Product Line Description

Adaptivity Toolbox

Adaptive meshing is the key to get optimal solution accuracy from your available memory and CPU resources.

With this tool you get fingertip control on dynamic mesh refinement and you can easily tailor it to your needs.


More Accuracy for Less Time and Memory

For most PDE problems the accuracy of the solution depends heavily on the memory of your machine and the time you can afford to wait. Adaptive meshing will balance your computations to give more accuracy for less time and memory. And indeed, this means higher quality of decisions relying on your programs.

Typically, the exact solution displays singularities or other effects. Such critical regions should be subject to local mesh refinement while other areas will do with a coarse mesh. For time-dependent problems the mesh should be dynamic and it should change according to updated refinement criteria, e.g. based on error estimates, gradients or other measures.

The effect of adaptive meshing can be substantial. For some problems it would even be infeasible to reach a meaningful solution without.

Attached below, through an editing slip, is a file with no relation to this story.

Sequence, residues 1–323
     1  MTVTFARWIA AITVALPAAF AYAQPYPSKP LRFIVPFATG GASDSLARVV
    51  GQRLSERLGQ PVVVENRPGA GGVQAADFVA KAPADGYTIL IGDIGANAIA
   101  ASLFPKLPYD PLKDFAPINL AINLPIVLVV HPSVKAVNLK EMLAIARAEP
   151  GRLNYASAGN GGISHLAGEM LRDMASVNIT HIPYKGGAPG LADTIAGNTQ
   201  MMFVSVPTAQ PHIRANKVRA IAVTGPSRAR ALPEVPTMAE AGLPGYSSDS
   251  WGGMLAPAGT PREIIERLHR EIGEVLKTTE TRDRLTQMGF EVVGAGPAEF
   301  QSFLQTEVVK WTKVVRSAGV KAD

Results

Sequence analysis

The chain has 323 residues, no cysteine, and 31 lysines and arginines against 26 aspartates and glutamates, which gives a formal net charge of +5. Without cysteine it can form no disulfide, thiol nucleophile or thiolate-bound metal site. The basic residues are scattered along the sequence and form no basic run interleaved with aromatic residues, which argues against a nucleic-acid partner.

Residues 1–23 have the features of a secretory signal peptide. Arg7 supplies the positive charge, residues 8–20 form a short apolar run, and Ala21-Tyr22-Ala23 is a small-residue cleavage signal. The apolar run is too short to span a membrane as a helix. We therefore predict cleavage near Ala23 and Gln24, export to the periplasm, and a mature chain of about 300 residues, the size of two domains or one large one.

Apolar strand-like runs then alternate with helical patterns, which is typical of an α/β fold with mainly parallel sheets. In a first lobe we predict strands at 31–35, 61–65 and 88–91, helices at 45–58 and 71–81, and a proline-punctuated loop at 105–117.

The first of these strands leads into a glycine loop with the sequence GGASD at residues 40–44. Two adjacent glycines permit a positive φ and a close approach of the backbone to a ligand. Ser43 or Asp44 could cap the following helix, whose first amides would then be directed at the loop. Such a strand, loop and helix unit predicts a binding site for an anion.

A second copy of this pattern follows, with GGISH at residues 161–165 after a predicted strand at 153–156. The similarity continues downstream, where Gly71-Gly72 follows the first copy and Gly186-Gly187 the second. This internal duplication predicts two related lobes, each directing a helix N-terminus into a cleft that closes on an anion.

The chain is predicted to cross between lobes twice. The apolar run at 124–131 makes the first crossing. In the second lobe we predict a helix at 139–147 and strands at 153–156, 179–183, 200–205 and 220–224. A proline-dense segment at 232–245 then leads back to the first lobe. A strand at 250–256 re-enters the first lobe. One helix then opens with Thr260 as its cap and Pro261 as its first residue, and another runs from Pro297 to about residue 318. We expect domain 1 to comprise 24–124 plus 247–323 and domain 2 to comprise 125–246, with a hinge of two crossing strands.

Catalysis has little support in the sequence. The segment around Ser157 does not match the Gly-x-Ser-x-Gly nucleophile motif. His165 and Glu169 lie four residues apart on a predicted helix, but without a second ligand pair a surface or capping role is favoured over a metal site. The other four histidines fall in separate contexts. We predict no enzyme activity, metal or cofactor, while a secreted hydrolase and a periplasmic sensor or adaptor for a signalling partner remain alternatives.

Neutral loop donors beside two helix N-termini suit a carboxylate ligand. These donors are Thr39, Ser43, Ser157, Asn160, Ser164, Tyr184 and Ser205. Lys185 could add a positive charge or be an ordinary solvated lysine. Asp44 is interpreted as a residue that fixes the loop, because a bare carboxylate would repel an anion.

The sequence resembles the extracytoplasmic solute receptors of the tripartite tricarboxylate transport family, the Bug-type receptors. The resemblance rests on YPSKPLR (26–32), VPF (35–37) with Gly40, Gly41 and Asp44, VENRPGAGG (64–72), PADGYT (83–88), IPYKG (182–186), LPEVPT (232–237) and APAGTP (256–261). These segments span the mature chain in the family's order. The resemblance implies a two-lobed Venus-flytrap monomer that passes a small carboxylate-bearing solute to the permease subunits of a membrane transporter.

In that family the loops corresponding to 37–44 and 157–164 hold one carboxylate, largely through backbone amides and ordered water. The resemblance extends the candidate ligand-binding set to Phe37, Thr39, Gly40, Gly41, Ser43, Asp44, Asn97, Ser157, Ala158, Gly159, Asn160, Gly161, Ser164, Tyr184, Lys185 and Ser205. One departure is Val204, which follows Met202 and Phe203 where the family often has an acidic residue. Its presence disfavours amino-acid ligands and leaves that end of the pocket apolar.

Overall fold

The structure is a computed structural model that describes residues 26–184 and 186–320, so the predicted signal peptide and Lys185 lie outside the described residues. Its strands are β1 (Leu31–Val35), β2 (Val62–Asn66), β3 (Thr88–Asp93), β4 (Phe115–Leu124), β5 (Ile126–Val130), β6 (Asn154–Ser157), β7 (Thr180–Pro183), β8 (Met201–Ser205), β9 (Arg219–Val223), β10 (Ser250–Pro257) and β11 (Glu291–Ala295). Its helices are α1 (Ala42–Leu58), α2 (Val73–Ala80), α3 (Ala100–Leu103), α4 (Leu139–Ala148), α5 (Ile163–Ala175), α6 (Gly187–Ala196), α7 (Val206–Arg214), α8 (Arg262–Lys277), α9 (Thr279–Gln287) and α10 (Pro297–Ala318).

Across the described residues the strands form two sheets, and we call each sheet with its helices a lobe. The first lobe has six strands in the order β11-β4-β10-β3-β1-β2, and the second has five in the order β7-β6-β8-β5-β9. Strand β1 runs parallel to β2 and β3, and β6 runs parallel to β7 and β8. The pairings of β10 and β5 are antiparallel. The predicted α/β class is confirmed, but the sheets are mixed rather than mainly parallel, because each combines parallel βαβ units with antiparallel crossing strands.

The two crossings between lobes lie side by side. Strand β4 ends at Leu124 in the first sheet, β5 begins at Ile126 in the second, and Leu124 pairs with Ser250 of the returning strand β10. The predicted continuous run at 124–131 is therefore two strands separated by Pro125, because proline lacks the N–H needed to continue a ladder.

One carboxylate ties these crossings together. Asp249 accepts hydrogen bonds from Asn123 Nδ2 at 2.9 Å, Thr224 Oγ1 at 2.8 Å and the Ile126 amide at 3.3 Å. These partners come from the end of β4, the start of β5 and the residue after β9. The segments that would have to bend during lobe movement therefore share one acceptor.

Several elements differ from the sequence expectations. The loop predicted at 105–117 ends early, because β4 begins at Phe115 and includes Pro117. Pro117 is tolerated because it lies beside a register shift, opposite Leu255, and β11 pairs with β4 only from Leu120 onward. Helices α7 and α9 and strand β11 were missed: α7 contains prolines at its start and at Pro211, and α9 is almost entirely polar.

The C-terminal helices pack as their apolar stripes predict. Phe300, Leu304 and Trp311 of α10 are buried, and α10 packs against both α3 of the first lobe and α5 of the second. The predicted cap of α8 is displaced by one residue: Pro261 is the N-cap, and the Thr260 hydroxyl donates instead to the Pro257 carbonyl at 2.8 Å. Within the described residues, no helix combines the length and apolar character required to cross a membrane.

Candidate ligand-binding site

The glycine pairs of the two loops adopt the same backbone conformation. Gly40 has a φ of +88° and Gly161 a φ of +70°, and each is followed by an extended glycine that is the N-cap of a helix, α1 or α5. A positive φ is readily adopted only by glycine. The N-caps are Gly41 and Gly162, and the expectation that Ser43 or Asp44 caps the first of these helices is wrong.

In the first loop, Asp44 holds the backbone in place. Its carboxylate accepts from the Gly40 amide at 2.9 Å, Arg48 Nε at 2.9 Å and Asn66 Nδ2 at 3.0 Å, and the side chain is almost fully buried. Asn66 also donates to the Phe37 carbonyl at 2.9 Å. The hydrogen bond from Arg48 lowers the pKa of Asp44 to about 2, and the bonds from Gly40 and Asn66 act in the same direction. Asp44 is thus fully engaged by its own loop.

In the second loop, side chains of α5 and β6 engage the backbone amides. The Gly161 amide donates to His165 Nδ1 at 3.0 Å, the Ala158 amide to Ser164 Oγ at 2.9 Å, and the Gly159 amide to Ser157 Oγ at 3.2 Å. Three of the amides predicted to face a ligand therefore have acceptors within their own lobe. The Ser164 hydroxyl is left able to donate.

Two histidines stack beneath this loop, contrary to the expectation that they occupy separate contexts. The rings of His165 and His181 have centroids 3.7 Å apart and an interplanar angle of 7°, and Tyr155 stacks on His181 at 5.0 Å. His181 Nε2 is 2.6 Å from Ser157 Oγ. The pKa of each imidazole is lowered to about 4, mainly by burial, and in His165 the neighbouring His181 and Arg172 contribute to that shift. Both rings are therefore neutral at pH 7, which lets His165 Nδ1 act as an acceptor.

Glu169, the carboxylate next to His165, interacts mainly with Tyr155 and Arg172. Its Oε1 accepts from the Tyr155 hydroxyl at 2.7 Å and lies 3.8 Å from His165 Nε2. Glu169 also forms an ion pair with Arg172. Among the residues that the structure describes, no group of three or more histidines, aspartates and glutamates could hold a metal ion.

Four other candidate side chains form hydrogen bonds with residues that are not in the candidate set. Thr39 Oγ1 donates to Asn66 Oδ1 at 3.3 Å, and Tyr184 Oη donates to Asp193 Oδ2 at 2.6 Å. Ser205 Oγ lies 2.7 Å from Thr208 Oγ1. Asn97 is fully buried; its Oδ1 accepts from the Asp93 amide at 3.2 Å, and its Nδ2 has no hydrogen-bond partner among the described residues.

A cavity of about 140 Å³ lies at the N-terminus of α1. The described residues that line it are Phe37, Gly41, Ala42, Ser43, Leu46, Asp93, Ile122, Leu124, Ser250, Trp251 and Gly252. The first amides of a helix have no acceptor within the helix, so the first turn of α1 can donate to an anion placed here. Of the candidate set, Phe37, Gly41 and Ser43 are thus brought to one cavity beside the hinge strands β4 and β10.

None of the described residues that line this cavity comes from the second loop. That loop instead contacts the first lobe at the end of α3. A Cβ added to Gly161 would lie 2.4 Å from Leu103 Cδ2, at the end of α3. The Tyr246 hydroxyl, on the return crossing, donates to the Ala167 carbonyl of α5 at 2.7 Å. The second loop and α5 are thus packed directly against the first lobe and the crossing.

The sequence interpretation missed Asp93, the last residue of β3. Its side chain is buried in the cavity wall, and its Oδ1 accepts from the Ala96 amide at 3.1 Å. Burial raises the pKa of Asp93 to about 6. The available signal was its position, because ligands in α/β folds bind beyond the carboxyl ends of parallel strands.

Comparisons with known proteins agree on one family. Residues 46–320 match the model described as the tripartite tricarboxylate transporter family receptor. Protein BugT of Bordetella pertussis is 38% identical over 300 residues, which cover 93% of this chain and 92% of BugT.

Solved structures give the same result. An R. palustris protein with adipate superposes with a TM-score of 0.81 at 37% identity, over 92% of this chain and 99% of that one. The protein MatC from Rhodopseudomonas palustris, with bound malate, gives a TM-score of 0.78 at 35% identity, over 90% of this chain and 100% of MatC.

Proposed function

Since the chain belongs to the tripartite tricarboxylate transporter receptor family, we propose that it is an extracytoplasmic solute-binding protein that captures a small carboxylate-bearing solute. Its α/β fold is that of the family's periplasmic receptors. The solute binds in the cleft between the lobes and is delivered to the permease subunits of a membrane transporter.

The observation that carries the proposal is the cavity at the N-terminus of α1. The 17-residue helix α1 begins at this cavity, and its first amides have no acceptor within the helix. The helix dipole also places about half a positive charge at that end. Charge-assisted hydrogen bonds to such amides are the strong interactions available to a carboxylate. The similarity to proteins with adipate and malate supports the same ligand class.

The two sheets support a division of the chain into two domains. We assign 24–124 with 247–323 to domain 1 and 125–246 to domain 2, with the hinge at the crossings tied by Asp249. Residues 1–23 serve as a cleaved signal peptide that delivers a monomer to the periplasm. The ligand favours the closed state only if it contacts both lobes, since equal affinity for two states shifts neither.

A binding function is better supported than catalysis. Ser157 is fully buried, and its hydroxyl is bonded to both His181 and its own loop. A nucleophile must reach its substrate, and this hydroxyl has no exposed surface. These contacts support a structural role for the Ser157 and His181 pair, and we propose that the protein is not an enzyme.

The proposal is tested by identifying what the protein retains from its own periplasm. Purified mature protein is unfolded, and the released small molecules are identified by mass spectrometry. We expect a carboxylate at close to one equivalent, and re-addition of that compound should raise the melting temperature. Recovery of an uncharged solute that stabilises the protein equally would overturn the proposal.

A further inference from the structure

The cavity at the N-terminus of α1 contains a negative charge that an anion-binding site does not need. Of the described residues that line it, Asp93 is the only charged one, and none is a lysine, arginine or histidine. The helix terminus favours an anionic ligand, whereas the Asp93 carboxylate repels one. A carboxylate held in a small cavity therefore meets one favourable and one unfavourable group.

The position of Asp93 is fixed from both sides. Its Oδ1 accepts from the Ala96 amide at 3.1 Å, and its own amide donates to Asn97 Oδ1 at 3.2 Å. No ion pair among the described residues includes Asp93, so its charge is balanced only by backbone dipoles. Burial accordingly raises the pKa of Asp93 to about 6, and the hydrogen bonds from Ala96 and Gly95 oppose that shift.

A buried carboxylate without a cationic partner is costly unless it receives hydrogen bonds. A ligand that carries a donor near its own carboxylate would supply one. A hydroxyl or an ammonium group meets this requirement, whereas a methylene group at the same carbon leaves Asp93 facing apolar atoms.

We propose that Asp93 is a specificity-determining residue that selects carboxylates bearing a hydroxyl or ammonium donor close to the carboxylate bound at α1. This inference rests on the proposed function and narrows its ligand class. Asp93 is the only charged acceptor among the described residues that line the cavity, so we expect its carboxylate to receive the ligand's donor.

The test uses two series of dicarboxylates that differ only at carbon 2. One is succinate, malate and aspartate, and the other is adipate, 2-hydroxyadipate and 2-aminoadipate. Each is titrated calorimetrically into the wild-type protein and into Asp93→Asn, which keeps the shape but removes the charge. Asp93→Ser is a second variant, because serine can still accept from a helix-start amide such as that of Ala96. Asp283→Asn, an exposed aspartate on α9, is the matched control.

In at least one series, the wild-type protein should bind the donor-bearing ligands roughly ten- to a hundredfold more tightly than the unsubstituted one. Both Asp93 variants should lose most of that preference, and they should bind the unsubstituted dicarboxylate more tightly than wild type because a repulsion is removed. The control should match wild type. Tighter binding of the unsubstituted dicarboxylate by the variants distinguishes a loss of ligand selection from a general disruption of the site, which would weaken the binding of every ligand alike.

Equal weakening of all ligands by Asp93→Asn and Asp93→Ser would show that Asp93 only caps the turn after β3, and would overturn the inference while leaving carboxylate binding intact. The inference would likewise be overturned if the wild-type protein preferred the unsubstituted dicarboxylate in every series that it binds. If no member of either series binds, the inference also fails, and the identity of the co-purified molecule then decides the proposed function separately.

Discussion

Fingertip Control without Additional Programming

By combining the flexible finite element methods in the Diffpack Kernel with the power of the Adaptivity Toolbox, you get fingertip control on up-to-date adaptive meshing techniques to boost the accuracy and quality of your simulations.

By adding a few extra statements to an existing FEM-based Diffpack simulator, you get immediate access to flexible mesh refinement strategies for structured and unstructured meshes in 1, 2 and 3 space dimensions.

The refinement strategy is basically divided in three main steps:

  1. assign a weight to each element in the mesh,
  2. mark elements for refinement based on the weights, and
  3. perform the mesh refinement according to the marking.

A gallery of ready-made weight assignment functions is available based on e.g. element geometry, field values, gradients or error estimators. You can easily define your own weight assignment functions to exploit any specific structural property of your problem.

For element marking you can use absolute or relative weight comparisons towards your selection of threshold values.

You can guide the mesh refinement by controlling error tolerances and number of refinement levels, nodes or elements. You can select schemes for control of child element generation and geometry splitting. For time-dependent problems you can select to start a new refinement at any level in a hierarchy of meshes.

Further Reading